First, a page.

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thoughts run amuck, but there is not much to cleave from these spaces that have been emptied of all material matter after the man left the trap door open and i fell asunder, it was the pressure of losing his cerebral muse into the waves that she said would pull us under – now we have nothing to lose and there is a pounding in this heart that goes faster faster with expediency that rolls a wave of thunder that brought down the rain tonight keeping us neither wet nor dry – it is the devil, she cries, pounding the ground awake from below and we feel her ache – we scream her scream for why must we swirl into this dream of living when it goes out of control under steam and plows down too many innocent things, innocent dreams that were just beginning to breathe softer under her soft sheen producing golden rubs upon their round chins and pursed lips; we shall never understand this, this life that is full of happiness, yet it pulls some of us under until we become buried within a storm so devastating that we question reality – was it really just a blink – in this bed of stolen slumber we shall finally find what could never been seen ~

(Apologies – it has been forever since there was freedom to just write a bit of stream. I am a bit lost without having a paper to write, a lecture to watch or a chapter to read. This bit of breath (2 courses start soon) has me choking on air.)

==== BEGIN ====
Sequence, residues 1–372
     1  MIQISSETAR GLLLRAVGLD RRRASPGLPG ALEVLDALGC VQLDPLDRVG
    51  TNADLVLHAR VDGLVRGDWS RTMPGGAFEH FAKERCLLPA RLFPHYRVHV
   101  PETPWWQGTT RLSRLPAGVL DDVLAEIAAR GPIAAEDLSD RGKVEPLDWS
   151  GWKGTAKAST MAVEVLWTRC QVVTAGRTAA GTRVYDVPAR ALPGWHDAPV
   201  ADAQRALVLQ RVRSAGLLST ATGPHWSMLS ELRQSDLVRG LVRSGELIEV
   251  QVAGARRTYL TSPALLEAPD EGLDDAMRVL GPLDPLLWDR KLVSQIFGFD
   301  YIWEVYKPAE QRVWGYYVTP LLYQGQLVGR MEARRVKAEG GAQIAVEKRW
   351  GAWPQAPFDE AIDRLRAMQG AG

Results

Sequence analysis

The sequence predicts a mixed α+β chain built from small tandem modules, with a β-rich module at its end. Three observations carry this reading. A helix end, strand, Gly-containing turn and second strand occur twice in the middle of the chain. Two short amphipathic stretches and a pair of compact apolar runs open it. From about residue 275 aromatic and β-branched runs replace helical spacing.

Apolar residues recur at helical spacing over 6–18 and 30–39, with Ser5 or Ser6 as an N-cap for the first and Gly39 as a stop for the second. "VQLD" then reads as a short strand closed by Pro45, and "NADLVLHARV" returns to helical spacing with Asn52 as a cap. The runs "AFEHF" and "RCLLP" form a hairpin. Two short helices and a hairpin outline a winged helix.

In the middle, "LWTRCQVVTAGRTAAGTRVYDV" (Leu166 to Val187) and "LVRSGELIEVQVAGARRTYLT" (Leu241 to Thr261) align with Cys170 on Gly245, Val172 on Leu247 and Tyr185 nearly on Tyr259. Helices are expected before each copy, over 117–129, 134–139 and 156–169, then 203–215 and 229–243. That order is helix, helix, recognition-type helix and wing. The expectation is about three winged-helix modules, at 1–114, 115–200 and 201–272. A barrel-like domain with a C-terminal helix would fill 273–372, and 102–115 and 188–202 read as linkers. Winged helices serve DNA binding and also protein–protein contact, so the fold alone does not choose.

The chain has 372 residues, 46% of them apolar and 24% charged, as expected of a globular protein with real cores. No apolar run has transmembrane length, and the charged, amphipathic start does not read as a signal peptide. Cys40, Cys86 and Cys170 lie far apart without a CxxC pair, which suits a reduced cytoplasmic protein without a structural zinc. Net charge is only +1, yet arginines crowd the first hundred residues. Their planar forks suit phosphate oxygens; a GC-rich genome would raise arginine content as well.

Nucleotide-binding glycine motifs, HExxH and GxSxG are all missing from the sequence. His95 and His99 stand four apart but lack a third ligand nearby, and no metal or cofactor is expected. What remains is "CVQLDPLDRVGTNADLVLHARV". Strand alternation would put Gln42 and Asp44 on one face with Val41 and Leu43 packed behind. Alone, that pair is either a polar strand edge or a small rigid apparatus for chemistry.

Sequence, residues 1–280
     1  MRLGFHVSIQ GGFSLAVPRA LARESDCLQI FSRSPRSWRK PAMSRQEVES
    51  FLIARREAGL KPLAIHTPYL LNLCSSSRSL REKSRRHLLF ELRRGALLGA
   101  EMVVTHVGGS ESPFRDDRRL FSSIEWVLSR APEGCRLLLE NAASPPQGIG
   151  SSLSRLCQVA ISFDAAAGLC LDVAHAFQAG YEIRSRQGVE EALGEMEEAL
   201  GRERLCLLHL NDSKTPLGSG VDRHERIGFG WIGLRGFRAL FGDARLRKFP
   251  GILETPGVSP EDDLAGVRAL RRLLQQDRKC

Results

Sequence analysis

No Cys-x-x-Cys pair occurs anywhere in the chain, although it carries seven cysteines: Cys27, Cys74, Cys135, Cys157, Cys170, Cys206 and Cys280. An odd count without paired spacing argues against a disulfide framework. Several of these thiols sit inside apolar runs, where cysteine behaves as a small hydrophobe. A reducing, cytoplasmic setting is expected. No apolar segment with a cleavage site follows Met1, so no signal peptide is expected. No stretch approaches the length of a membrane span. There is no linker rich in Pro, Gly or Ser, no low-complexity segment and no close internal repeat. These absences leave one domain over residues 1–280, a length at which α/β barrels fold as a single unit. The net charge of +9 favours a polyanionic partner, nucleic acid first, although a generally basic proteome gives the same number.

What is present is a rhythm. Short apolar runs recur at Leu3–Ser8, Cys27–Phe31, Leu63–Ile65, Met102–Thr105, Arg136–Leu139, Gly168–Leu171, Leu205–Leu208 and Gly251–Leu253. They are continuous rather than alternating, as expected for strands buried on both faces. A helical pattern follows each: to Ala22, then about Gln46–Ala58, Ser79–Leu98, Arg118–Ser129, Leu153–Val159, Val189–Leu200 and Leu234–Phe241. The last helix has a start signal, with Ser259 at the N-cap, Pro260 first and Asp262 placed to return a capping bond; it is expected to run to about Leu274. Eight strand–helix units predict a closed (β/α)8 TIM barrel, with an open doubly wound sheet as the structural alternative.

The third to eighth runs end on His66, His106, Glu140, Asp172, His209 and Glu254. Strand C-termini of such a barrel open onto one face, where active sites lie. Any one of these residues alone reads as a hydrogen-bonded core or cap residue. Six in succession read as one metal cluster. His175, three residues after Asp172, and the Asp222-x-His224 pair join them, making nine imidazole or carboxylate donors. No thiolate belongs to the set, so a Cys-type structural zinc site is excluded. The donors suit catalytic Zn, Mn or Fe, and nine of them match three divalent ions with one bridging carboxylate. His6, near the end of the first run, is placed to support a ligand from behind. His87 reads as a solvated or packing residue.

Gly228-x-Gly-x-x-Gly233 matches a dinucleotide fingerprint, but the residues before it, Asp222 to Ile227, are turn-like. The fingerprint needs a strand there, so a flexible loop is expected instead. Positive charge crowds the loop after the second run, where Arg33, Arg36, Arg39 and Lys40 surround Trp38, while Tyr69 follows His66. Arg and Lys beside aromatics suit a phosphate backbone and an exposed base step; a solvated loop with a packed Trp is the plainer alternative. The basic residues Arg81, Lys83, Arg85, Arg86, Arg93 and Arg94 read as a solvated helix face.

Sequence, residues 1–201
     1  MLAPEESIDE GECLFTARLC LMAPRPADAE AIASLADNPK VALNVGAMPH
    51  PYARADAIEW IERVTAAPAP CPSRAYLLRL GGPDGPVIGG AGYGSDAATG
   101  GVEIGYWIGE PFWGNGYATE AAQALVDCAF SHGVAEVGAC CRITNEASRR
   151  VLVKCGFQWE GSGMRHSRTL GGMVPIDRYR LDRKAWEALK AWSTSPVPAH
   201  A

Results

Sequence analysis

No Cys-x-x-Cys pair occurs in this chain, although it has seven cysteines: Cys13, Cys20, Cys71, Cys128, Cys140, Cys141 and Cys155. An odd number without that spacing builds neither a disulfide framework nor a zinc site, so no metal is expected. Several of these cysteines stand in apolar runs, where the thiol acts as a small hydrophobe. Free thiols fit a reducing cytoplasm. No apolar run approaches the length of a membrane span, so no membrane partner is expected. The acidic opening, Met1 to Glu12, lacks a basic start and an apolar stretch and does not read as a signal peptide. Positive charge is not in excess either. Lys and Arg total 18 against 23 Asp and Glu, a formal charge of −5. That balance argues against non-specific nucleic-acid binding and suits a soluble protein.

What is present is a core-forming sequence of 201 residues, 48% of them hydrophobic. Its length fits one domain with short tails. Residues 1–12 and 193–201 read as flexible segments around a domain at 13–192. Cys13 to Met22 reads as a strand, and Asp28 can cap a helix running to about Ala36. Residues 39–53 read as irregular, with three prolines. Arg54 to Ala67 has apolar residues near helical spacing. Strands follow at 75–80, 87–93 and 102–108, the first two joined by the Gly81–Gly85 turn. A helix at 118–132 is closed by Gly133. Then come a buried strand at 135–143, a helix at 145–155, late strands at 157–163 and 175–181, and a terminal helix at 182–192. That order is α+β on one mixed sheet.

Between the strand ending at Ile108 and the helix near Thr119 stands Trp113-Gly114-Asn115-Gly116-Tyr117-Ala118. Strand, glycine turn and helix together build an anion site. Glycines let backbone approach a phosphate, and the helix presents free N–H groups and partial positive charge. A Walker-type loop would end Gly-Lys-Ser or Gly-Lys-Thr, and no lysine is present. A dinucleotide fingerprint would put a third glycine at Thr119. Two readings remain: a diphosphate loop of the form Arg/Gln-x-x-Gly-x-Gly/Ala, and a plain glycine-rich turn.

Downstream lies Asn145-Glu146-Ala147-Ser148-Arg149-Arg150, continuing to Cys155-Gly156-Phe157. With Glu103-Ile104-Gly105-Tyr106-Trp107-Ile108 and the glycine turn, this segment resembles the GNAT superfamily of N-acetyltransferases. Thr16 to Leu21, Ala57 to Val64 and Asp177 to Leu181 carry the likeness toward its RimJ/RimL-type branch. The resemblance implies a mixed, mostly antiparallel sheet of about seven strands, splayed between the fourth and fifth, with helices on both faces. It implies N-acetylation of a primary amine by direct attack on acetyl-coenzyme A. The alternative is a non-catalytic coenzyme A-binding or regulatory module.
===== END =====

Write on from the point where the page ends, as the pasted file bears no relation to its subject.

“So long as the artist does not belong, in the most concrete sense, to one of the great historical classes of humanity, so long he cannot realize a social expression in all its public fullness. Which is to say, an expression for, and not against. The artist is greatest in affirmation.”

~ Robert Motherwell

It is interesting, searching Motherwell’s book this weekend for personal research, I stumbled upon the above quote. The quote reads as the artist equivalent to Judith Butler on defining gender and sex. It should really come as no surprise for Motherwell was a philosophy student first, artist second. I left notes in the margins pointing out echoes of Marx, Rousseau and Foucault.

“To express the felt nature of reality is the artist’s principal concern.” ~ Robert Motherwell

What is reality…really? Is it the artist’s reality or the reality of society, a certain faction that is addressed within said art? How is it that this goes expressed in art? What is the purpose of art if the artist’s concern is expression of Felt nature – are we involved in this feeling too? If we do not get moved, who failed who?

A thought to leave with you – actually two: